But there is a difference in scale between a band like King Gizzard and say, Justin Bieber, or even a group situated somewhere between the two – Australian legends Midnight Oil, for example. One can imagine that if Peter Garrett and his crew promised to completely deplete the market, they would be playing a lot more than eight shows in each city, and before long, any kind of full-scale touring assault would become practically untenable. Most musicians already tour for the overwhelming majority of the year – anything in addition to what they already do would become nearly impossible.
The other solution frequently suggested would require tickets to be branded with the holder’s name and date of birth, again ruling out unauthorised reselling. Certainly, that’s a move that has already been adopted by a number of mainstream festivals – particularly Australia’s own Splendour In The Grass and Glastonbury in the United Kingdom. But again, this kind of one-size-fits-all approach to a nuanced and difficult issue is far from comprehensive, and those in the know argue that it’s simply not a feasible way of cracking down on scalping.
Splendour In The Grass
“We can take it to an extreme, but the extremes are unpractical anyway,” says Brant. “The example bandied around a lot in Australia is Splendour In The Grass, where what you do is you put the name and date of birth on the ticket.
“And that’s incredibly effective and I’d love to be able to do that for, say, Justin Bieber, but Splendour In The Grass is 30,000 people who are going to show up over 36 hours. For Justin Bieber, 55,000 people are going to turn up over 35 minutes. So the practicalities of putting names on every ticket and then checking that at the gate, it’s not nigh on impossible – it’s genuinely impossible to do.”
Brant, for his part, has another solution altogether – one that is fast emerging as a sensible way forward. Rather than trying to force scalping into the realm of illegality, Brant instead believes it can be capped and reshaped, particularly with the help of a new range of resale companies that aim to ensure prices never become too extreme or unwieldy.
“We’re partnering with a new company called Twickets that are coming to Australia,” Brant says. “The reason we’re partnering with them is they are very well-regarded in the UK, and as part of their solution to deal with scalping, they limit the price at which people are able to lift tickets at their site. With that in mind, we’re happy to authorise and promote them.”
And then there are other answers too – as many answers as there are people to formulate them. Dodie Clark, a YouTuber and musician based in the UK, has come up with the idea of creating meet-and-greet competitions that can only be won by those who buy tickets directly from her site, adding an extra imperative for fans to beat the early wave of bot-buying.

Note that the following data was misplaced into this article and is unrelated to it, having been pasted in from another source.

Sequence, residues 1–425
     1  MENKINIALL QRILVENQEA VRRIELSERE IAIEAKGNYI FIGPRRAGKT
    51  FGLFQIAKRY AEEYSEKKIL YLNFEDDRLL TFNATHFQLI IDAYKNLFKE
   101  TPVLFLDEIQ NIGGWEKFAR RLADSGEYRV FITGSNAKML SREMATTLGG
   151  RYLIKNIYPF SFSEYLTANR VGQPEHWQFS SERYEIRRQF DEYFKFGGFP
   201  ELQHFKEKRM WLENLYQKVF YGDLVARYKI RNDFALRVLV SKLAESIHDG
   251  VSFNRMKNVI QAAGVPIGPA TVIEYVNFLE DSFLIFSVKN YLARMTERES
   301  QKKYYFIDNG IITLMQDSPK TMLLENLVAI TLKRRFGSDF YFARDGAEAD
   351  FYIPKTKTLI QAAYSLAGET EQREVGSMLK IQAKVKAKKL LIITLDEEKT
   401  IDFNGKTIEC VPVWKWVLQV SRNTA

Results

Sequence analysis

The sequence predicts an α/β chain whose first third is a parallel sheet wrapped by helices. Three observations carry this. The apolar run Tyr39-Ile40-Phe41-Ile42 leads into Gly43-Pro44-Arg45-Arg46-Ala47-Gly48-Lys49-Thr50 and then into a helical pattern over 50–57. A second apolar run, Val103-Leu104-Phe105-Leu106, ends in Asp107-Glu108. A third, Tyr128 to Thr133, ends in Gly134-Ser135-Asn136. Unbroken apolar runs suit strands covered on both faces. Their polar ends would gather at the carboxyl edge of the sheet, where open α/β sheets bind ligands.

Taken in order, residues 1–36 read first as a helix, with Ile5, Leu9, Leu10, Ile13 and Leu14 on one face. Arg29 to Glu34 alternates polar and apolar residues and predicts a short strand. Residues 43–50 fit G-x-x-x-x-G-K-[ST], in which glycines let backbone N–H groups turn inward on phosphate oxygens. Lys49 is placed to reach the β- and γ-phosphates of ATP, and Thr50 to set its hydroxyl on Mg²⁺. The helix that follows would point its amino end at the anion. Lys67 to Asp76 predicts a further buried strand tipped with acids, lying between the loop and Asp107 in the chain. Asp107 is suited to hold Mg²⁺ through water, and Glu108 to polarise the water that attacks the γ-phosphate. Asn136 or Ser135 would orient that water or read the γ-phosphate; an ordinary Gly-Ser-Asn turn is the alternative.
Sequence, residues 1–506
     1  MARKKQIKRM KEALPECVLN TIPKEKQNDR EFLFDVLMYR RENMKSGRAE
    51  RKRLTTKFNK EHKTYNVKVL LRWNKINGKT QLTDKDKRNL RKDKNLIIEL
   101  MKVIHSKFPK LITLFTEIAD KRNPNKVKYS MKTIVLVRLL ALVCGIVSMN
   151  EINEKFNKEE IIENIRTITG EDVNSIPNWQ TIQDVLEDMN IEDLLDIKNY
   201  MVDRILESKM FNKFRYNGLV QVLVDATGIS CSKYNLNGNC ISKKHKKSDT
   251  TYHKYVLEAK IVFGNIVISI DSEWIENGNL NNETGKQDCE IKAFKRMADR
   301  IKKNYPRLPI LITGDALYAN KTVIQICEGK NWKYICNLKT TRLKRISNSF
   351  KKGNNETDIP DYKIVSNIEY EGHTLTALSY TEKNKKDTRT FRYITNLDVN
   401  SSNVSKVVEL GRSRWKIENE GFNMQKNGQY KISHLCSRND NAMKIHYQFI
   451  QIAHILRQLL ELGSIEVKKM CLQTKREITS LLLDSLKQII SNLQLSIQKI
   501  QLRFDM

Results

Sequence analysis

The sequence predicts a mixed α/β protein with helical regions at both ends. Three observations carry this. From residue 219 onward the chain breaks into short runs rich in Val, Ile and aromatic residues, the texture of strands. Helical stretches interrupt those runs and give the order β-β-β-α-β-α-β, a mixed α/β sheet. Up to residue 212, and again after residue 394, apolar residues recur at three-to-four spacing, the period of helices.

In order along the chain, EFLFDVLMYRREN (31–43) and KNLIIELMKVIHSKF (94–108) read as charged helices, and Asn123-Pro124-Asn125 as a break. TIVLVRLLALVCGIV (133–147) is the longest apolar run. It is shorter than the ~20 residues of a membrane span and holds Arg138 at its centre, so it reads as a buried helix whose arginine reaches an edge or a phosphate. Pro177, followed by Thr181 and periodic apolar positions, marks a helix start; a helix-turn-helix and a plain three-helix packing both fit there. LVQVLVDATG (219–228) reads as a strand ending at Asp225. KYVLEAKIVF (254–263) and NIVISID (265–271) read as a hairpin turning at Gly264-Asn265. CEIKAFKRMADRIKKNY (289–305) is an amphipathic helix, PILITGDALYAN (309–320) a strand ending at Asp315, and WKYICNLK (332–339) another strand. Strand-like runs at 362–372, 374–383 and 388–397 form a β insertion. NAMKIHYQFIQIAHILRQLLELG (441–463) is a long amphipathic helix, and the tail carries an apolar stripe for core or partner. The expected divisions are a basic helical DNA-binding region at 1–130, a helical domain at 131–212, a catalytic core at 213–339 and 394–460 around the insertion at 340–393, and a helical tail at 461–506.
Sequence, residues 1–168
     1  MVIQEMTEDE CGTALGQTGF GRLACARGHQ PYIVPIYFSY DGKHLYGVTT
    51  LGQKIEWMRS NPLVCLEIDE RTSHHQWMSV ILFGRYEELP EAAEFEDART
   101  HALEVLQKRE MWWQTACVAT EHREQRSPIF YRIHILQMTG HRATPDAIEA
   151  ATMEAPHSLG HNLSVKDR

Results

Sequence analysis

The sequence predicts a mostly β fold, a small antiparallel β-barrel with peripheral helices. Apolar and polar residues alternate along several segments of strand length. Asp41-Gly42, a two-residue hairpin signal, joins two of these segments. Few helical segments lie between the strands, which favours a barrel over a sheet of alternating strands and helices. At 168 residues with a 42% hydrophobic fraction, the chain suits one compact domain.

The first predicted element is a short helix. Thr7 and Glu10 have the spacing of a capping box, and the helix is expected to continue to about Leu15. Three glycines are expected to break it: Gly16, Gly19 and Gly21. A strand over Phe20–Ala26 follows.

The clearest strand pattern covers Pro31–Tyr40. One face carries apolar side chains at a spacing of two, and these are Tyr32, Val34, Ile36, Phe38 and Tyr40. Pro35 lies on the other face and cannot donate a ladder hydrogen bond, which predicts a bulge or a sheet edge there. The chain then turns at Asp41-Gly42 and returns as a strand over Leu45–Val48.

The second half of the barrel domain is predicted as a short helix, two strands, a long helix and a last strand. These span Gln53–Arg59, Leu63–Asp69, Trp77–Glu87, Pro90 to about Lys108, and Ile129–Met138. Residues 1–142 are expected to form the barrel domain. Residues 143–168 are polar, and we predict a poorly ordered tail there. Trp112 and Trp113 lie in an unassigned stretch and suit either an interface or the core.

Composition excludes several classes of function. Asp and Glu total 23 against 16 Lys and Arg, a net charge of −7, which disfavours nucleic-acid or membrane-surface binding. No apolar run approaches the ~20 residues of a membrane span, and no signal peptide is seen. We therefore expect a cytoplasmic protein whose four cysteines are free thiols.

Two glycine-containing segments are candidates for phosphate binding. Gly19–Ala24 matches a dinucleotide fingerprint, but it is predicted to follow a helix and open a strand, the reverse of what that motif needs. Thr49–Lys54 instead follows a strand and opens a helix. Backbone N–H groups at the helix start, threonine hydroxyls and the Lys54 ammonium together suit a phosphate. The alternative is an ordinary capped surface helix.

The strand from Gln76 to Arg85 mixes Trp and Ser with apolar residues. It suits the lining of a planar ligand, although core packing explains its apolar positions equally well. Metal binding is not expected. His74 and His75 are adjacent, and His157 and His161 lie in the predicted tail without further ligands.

But of course, in many cases, it’s not that fans miss out on tickets due to laziness or being slow off the mark – it’s that they simply cannot buy up seats as quickly as robots can. Scalping is an inherently superior, faster system.
And again, these are all temporary solutions. As enticing and as compelling as gimmicks and gadgets might seem, they will never take hold in any comprehensive way when scalping is so easy, and so widespread.
Not to mention the fact many of the very best tickets aren’t even available to the punters who hang on the telephone for hours, or wake up early to sit on their laptops hitting the ‘refresh’ button. A range of front row seats often go to the venue’s brand partners, or those who have won competitions, or people who have signed up for premium services. The system is already angled in opposition to real fans looking to get the most for their buck; it’s already unfair and ill-advised without the additional issue of scalping.
There is no loyalty, then; no honesty and no commitment offered in any real way by large-scale companies that act with generalised indifference to their consumers. And honesty is exactly the key. This is what the problem of scalping requires: not pleasantly worded sentiments distributed to the press, nor attention-grabbing gimmicks that in no way deal with the real issues that drive the practice. What the industry needs is transparency and truth.
Real solutions will come from real action; from mechanisms spearheaded by companies and individuals truly committed to altering an unfair and unproductive system in which the scalper always wins.
[Photo credits: At The Drive-In live in Sydney 2016 by Ashley Mar, Nick Xenophon courtesy Zhent/Flickr, Midnight Oil by Oliver Eclipse, Splendour In The Grass 2016 by Katrina Clarke]
This story originally appeared in The Brag, for more long-form deep dives like this subscribe to The Brag newsletter here.